After the Belgian Competition Authority overruled the FEI’s exclusivity clause in July, effectively clearing the way for the GCL to move forward with its planned 2016 launch, the FEI appealed the decision, asking the BCA to overturn its own ruling.
The FEI points to horse welfare concerns raised by holding a non-FEI sanctioned event, and it’s also been suggested that the GCL would negatively affect the Furusiyya FEI Nations Cup Series by operating in direct competition with it. Horse & Hound reported that the GCL did not respond to the FEI’s request for detailed rules of the GCL series.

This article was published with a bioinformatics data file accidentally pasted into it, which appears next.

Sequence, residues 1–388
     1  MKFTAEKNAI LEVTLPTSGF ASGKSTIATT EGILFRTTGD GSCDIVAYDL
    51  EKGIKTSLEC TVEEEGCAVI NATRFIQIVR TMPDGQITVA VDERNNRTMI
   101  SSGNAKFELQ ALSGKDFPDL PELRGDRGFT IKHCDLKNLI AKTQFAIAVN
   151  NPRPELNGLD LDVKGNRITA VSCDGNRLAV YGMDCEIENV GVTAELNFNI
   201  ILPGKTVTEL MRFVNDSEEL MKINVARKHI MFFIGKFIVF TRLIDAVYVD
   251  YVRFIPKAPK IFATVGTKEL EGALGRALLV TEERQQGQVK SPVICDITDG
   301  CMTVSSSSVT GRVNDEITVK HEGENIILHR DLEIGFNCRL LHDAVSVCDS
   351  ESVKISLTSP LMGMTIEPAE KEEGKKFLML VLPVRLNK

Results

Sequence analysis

For its part, the GCL, which is the brainchild of LGCT owners Jan Tops and Frank McCourt, promises to create a new series of show jumping that will invigorate the sport and raise its global profile. A loosely billed GCL preview class was held in Valkenswaard, Holland on August 15th. Pairs of riders competed in a two-round class for a prize money haul of €200,000.
The GCL has already begun selling 2016 GCL teams to the tune of €2 million each to private owners. Fifteen teams will include squads of four riders each, with two riders chosen to compete at each GCL competition, to be held on the Friday evening of each LGCT leg.